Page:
True Friends

Connecting Points

Thursday, February 20, 2014

Today’s Topic: True Friends

Today’s Text:  1 Samuel 13:3-4 (ESV) 3 Jonathan defeated the garrison of the Philistines that was at Geba, and the Philistines heard of it. And Saul blew the trumpet throughout all the land, saying, “Let the Hebrews hear.” 4 And all Israel heard it said that Saul had defeated the garrison of the Philistines…

Last night I had the privilege of being the speaker at AWANA Council Time for the 3rd through 5th graders. I started by asking the students who they thought was my favorite Bible Character. I called on one of many children that had raised their hand and after hearing his response I clarified the question to state “Other than Jesus, who is my favorite Bible character.”

After two dozen incorrect guesses, I finally revealed the answer. The life of Jonathan, King Saul’s son and King David’s best friend, has always deeply touched my heart with its principles of friendship and love. Two of the three principles of a good friend I shared last night are still on my mind this morning.

As Saul’s son, Jonathan was next in line for the throne of Israel. He became a mighty warrior, but even in his military success he was learning an important principle of friendship and success – do your best without concern for who gets the credit. Jonathan had just won an incredible battle with only a few men, and yet his dad the King took all the credit.

Former United States President John F. Kennedy said, “There’s no limit to what a man can accomplish if he doesn’t care who gets the credit.” Too many friendships are ruined by a self-exalting competitive spirit that seeks honor and recognition for everything done. This was not Jonathan’s way, as we will see.

Through the course of his reign, Saul became disobedient to God and his Kingdom was taken from him. Without Saul’s knowledge, David was anointed as the next King of Israel.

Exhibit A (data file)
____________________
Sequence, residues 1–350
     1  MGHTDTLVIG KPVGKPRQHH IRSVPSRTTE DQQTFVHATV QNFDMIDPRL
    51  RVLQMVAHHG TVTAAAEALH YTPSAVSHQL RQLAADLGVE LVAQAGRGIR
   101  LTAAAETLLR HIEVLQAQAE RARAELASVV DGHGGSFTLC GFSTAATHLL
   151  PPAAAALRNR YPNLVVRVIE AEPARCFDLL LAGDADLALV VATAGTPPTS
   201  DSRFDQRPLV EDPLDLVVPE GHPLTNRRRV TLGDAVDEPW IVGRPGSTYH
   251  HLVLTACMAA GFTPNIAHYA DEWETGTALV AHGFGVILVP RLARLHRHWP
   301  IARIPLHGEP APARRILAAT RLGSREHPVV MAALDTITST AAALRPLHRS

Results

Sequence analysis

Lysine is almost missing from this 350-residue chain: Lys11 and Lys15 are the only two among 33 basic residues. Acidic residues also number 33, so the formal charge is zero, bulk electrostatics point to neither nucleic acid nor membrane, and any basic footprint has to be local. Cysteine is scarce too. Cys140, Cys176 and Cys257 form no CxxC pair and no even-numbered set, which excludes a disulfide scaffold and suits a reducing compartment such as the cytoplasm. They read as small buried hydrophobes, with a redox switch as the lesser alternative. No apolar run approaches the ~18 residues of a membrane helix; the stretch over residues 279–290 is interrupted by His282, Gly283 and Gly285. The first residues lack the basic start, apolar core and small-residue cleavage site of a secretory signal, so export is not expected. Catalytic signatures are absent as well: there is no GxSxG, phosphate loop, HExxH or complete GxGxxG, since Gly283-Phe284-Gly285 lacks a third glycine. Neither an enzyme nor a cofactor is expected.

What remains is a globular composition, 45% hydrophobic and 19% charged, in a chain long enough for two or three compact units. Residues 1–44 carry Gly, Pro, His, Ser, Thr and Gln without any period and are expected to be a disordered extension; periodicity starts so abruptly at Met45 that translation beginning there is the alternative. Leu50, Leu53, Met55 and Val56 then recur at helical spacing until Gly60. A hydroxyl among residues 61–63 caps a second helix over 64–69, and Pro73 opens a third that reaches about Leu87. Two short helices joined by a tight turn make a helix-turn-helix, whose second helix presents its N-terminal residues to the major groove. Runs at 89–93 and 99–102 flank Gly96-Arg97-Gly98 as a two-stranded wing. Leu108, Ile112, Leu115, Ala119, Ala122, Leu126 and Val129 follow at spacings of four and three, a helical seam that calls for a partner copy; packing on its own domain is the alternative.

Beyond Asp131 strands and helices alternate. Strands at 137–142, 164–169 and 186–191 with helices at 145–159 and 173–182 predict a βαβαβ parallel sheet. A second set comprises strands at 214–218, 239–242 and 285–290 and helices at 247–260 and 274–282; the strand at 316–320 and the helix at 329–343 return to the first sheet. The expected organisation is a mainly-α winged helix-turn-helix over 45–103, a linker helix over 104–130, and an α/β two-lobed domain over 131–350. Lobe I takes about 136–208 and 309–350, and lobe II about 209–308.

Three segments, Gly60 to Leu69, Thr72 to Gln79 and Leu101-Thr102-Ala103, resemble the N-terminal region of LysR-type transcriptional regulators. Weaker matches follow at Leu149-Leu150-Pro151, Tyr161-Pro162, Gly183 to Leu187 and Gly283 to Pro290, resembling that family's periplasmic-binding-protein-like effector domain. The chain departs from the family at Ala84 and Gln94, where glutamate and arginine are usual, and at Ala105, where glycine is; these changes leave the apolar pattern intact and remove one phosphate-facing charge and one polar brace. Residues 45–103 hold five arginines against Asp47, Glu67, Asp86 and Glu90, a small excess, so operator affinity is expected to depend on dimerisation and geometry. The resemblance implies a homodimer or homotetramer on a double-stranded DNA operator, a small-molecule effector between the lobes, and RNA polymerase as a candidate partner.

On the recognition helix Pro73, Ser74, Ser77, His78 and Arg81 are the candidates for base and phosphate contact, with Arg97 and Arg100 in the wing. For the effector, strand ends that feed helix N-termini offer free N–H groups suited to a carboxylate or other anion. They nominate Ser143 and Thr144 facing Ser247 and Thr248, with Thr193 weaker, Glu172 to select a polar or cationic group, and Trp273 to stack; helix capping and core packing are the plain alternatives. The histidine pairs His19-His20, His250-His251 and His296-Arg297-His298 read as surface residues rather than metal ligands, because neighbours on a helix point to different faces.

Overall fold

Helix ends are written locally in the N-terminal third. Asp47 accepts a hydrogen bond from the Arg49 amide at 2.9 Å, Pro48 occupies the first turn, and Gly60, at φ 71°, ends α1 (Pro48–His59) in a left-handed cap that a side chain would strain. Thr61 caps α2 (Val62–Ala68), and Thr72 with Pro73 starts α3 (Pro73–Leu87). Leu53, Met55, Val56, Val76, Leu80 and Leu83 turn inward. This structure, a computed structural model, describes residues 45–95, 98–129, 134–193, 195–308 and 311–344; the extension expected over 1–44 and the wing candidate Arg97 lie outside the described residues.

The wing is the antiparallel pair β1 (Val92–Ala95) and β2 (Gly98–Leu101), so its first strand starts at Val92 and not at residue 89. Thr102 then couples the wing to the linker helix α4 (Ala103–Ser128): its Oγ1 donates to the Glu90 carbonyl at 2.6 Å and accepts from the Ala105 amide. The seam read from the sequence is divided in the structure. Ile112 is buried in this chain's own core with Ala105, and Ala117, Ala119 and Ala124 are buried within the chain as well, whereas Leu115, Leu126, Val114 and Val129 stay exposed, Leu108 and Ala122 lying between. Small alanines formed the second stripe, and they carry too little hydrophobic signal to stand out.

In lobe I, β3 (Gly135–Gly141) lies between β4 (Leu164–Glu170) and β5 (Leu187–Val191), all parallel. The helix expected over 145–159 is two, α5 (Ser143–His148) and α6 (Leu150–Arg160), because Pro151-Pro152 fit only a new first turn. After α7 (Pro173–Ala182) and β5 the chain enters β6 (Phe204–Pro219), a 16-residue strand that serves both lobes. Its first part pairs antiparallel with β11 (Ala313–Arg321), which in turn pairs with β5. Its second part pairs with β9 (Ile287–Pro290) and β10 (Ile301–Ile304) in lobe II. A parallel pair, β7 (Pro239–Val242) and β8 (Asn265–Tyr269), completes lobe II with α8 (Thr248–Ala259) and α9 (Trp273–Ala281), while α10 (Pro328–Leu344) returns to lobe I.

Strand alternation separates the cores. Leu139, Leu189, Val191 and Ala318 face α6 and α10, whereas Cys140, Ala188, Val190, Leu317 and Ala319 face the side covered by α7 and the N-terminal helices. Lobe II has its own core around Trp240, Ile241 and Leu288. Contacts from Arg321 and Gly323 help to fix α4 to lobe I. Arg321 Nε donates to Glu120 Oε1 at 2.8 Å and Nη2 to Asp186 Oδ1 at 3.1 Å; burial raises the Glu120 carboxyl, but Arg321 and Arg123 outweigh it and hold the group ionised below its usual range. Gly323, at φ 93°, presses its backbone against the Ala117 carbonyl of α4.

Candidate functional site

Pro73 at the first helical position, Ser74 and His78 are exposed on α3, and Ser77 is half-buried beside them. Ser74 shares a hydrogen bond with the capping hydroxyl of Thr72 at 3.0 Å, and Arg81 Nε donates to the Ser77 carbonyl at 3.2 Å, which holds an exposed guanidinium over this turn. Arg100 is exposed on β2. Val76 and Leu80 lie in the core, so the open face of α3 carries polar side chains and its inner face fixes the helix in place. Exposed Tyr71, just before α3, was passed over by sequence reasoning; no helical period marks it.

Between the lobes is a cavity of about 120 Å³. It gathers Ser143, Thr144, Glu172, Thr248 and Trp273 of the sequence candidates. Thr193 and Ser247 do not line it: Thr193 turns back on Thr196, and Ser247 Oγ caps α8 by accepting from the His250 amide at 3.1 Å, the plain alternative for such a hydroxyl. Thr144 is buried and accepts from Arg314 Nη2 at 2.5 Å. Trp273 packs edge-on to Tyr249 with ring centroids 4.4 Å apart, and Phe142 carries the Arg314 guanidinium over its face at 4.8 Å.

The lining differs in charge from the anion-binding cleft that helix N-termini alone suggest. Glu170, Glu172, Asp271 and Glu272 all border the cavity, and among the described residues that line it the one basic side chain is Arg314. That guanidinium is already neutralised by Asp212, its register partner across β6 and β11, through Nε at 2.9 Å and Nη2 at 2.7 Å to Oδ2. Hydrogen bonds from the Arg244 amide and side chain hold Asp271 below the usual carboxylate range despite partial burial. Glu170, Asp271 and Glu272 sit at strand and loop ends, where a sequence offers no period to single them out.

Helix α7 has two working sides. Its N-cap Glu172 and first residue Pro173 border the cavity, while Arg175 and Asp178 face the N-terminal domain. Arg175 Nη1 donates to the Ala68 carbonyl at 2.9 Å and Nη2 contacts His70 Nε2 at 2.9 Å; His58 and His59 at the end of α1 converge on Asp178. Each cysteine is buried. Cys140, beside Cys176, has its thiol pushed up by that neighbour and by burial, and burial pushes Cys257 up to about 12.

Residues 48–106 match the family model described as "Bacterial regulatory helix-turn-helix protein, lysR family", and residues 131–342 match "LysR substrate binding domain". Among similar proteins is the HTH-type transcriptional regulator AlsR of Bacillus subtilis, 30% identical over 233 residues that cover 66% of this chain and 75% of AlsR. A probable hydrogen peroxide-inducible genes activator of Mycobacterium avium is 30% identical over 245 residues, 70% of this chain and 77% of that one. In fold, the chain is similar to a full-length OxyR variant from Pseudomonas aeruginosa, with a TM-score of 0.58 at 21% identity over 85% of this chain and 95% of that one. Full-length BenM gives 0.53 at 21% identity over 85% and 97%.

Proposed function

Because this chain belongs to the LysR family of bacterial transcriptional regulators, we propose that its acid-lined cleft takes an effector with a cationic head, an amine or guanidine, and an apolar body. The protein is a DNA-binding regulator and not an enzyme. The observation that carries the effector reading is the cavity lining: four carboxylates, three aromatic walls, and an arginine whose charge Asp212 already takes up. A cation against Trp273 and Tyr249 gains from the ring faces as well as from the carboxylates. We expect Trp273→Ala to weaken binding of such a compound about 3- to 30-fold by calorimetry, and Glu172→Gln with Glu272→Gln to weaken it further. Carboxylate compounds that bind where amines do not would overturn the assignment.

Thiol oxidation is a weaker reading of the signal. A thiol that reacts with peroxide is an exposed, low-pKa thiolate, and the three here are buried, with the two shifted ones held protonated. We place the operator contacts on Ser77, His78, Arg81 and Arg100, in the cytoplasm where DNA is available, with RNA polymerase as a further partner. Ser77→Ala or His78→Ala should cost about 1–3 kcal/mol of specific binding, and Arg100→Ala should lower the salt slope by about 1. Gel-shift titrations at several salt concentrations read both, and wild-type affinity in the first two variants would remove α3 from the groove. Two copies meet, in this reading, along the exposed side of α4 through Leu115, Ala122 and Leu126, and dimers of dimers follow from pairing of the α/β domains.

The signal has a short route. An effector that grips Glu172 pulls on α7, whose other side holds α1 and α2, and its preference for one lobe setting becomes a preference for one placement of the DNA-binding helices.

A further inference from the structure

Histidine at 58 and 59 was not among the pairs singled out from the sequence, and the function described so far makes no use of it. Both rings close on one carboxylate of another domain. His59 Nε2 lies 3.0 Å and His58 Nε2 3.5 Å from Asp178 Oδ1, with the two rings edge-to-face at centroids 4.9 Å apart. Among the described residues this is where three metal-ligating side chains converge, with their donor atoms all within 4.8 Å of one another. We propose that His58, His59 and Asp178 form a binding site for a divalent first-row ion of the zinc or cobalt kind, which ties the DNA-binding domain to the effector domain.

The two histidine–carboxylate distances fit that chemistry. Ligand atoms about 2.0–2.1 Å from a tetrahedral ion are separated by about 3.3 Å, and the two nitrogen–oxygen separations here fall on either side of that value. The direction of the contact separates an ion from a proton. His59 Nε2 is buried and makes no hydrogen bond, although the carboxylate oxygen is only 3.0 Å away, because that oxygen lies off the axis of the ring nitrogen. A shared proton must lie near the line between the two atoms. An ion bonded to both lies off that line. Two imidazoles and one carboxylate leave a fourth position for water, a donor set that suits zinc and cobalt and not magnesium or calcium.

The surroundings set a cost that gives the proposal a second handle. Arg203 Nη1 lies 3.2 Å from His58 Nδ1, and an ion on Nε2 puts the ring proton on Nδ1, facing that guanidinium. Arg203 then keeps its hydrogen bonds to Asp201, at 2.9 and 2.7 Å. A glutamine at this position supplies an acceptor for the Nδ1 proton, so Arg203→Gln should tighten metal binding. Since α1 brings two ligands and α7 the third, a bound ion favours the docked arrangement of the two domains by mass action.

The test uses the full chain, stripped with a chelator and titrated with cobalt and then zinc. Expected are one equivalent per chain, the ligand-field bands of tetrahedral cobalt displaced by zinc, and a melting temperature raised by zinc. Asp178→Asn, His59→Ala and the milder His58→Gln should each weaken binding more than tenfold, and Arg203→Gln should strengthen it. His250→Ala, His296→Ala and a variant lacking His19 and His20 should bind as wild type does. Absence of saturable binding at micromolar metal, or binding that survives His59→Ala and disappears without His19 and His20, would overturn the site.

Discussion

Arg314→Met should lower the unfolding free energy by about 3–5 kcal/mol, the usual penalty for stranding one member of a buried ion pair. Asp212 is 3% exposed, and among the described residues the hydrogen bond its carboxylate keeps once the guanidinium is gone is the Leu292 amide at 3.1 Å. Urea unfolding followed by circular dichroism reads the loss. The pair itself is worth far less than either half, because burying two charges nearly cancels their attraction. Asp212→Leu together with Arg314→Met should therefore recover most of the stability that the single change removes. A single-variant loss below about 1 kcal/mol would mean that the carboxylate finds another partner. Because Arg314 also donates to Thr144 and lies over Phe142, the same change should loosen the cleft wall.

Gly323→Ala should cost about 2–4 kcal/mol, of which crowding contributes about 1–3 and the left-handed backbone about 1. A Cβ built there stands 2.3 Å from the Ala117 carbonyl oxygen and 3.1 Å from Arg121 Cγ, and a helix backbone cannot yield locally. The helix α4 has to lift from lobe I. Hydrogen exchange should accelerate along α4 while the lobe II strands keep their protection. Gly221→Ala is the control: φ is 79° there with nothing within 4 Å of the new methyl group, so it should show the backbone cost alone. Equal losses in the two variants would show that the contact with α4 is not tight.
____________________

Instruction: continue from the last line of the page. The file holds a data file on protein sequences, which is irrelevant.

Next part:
Then came the day of David’s victory over Goliath, the Philistine warrior. After the battle, Saul took David into his household and made him his chief warrior. David was unprepared for being a military leader, but God had ordained a plan. When Saul was finished talking to David, the Bible says that the soul of Jonathan was knit to the soul of David, and Jonathan loved him as his own soul. (1 Samuel 18:1)

This is utterly amazing. Jonathan had every right to be angry with his father for messing up his future. His chance to be King was gone. GONE!  And now, standing in front of him, was the young man who would be king; the one who would get all the honor and recognition that could have been his. OUCH!

Yet notice the Spirit of God in Jonathan’s heart. He chooses to love David rather than hate him. He chooses to put action to his love and stripped himself of the robe that was on him and gave it to David, and his armor, and even his sword and his bow and his belt. 5 And David went out and was successful wherever Saul sent him, so that Saul set him over the men of war. And this was good in the sight of all the people and also in the sight of Saul’s servants. (1 Samuel 18:4-5). David took the very position that Jonathan had held, and Jonathan helped him get it.

Jonathan showed no anger toward the person who took his job and his title. Instead, Jonathan came along side David and assisted his success. That’s what true friends do.

After I was done speaking last night, one of the AWANA Commanders came forward to give the students the evening’s results of the ongoing missionary offering contest. One of the teams had taken a huge lead over the other. He asked the team that was behind to cheer for the team that was ahead. The response was not good. I actually heard booing. I guess I need to tell the story over again. But before I do, I’d better make sure I’m cheering others who are getting ahead of me, especially those times when I think I deserve to get ahead.


1 thought on “True Friends

  1. Pastor John, don’t assume that the kids need to hear the story again. Rather, maybe it’s time for the AWANA leaders to reevaluate how they motivate kids to give. In the long run, a competitive approach to giving may not teach children why it is such an important part of worshiping God.


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